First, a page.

Mudcat Café message #3944043 The Mudcat Café TM
Thread #162666   Message #3944043
Posted By: GUEST,Pseudonymous
15-Aug-18 - 06:06 AM
Thread Name: New Book: Folk Song in England
Subject: RE: New Book: Folk Song in England
Speaking for myself I am trying to have a conversation, though it does seem difficult for it not to turn into an argument. However, I have read and absorbed what Jim has said, to please take it that from herein on none of my remarks are addressed to Jim. I can see when I'm not wanted!

Again, speaking for myself, I have expressed interest in the investigation suggested by Steve Gardam. As a point of information I also consulted the Mustrad page linked to some CDs about Walter Pardon and earlier posts on this thread.

Jag: as I understand it, Jim Carroll's main objection to the book by Steve Roud is that it adopts a 'use' definition of what folk song is, whereas Mr Carroll believes that we should use the term to apply only to songs that originate with what he sometimes calls 'the folk' and sometimes as 'traditional singers','ordinary people', 'working people', 'the people'.   

Jim also argues that the 'origin' definition has been the orthodoxy for more than one hundred years. My own view is that this is not the case, on the basis that a defition internationally agreed in 1954 gives a 'use' plus subsequent oral transmission definition, which is the one presented and discussed by Roud. Jim refers to A L Lloyd, whose view of English history was heavily influenced by a Marxist historian called A L Morton who wrote a book about England framed largely in terms of class struggle. Lloyd's book on Folk Song in England is, for me, something of a patchwork of ideas, drawing partly on Morton and also drawing heavily on the work of folklorists from behind the iron curtain as well as other sources. (NB Arthur's biography of Lloyd had some interesting information on the uses made of the old communist regimes of folklore)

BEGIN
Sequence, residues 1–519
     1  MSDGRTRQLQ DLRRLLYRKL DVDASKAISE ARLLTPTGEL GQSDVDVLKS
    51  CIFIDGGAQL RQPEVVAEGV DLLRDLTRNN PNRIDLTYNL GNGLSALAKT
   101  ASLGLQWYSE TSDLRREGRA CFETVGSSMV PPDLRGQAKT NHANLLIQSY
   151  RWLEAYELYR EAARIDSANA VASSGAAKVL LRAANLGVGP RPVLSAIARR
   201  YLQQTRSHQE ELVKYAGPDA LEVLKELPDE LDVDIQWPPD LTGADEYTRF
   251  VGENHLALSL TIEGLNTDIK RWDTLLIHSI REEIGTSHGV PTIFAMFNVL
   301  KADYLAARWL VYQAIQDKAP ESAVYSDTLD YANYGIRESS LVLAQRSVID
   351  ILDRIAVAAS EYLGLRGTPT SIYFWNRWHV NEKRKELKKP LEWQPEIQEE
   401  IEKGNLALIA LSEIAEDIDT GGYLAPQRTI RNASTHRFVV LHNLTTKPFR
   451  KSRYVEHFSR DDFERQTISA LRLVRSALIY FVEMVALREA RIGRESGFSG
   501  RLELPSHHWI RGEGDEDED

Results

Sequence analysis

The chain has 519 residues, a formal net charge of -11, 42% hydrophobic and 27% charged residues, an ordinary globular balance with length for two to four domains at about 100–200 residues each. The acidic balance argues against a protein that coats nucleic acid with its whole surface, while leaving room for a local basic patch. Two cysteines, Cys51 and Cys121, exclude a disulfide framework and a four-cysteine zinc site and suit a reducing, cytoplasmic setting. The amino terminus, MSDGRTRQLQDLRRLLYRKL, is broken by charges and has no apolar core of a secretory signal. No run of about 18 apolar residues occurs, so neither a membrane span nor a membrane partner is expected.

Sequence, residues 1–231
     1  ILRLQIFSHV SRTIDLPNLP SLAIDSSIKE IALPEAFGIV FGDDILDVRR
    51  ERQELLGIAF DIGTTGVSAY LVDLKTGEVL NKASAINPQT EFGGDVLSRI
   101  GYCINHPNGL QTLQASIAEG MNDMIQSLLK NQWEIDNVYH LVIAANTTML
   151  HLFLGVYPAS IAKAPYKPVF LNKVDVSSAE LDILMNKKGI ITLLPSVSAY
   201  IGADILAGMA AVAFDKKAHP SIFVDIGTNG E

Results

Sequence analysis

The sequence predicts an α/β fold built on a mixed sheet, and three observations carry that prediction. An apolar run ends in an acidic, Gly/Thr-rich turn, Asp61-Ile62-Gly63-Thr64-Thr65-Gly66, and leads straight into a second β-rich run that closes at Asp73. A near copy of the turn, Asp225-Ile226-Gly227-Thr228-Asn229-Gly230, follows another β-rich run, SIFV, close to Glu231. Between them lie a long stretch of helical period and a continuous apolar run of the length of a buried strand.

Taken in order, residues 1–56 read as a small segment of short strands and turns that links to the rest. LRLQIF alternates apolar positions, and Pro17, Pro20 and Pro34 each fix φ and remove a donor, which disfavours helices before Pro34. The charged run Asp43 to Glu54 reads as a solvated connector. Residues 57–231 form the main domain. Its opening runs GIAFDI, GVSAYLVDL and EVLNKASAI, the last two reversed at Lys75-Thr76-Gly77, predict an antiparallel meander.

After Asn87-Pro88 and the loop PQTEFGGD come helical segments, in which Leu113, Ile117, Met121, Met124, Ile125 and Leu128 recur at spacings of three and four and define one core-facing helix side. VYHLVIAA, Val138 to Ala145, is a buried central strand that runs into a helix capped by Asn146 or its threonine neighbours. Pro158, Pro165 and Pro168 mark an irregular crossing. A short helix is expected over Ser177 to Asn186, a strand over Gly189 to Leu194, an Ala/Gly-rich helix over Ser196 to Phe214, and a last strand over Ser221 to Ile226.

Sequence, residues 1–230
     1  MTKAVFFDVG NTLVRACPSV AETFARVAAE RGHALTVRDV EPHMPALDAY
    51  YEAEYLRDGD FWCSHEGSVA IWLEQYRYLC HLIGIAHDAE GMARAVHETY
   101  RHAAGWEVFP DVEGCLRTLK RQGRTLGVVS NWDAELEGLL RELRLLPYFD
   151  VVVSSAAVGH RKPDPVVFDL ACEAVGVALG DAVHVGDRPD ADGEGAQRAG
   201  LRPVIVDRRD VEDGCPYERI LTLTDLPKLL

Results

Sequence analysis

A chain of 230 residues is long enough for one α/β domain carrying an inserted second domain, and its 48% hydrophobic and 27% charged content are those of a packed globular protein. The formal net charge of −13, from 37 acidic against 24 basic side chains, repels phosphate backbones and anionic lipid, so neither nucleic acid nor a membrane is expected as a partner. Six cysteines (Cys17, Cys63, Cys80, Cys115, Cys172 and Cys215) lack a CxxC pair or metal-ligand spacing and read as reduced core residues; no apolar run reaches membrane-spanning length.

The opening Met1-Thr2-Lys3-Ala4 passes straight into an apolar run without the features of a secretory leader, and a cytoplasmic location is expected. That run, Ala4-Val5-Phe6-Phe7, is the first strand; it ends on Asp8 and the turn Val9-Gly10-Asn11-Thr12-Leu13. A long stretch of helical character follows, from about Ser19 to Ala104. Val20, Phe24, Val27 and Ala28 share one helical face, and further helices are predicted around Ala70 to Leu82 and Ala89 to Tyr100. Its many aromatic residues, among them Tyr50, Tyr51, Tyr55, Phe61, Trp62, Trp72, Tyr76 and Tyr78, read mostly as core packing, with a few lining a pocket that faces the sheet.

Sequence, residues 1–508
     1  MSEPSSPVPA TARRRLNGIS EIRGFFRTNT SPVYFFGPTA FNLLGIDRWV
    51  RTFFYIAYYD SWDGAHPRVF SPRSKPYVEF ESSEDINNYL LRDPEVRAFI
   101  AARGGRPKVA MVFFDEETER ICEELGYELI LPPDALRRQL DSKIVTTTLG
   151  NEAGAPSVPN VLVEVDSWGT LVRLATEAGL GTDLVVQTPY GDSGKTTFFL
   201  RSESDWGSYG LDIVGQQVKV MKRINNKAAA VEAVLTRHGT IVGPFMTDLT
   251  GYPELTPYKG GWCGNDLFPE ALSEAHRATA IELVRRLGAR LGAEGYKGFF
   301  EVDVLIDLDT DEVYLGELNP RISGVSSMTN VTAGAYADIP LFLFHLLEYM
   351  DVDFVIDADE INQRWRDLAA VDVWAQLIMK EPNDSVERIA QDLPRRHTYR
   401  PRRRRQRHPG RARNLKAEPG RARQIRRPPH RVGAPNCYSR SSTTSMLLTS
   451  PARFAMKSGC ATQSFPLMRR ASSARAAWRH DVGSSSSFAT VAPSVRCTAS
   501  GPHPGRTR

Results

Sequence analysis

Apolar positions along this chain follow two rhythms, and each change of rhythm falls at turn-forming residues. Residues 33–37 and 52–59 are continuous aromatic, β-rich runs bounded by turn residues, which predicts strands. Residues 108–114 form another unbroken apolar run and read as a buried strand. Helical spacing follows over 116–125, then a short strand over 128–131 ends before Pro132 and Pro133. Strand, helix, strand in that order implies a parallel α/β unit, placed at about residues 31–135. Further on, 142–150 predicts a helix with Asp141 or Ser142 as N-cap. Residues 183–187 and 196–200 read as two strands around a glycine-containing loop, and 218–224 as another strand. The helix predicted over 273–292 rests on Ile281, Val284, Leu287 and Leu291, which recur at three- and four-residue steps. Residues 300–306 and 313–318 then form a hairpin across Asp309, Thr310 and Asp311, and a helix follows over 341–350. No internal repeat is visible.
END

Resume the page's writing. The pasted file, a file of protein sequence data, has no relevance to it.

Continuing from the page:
On Walter Pardon, this appears to be a contentious subject as scrolling back through this thread, some discussion took place last November. Jim provided a list of songs which, he says, Walter Pardon did not regard as 'folk songs'. Jim's argument there appears to have been that even if Walter did include material in his repertoire that was not 'folk', then Walter himself did not claim it to be folk.

Naughty Jemmy Brown
Old Brown?s Daughter
Marble Arch
One Cold Morning in December
Peggy Band
Ship That Never Returned
Skipper and his Boy
Suvlah Bay
The Steam Arm
Traampwoman?s Tragedy
Two Lovely Black Eyes
The Wanderer
We?ve Both Been Here Before
When The Fields Were White With Daisies
When You Get Up in the Morning
Wreck of the Lifeboat
Write Me a Letter from Home
All Among the Barley
As I Wandered by the Brookside
Balaclava
Black Eyed Susan
Bright Golden Store
British Man of War
Cock a Doodle Doo
A Country Life
Faithful Sailor Boy
Generals All
Grace Darling
Grandfather?s Clock
Help one Another Boys
The Huntsman
I Traced Her Footprints
I?ll Come Back to you Sweetheart
I?ll Hang my Harp
I?m Yorkshire, Though In London
Irish Molly
I Wish They?d Do It
Shamrock Rose and Thistle
Lads in Navy Blue
Miner?s Return
Mistletoe Bough
More Trouble in my Native Land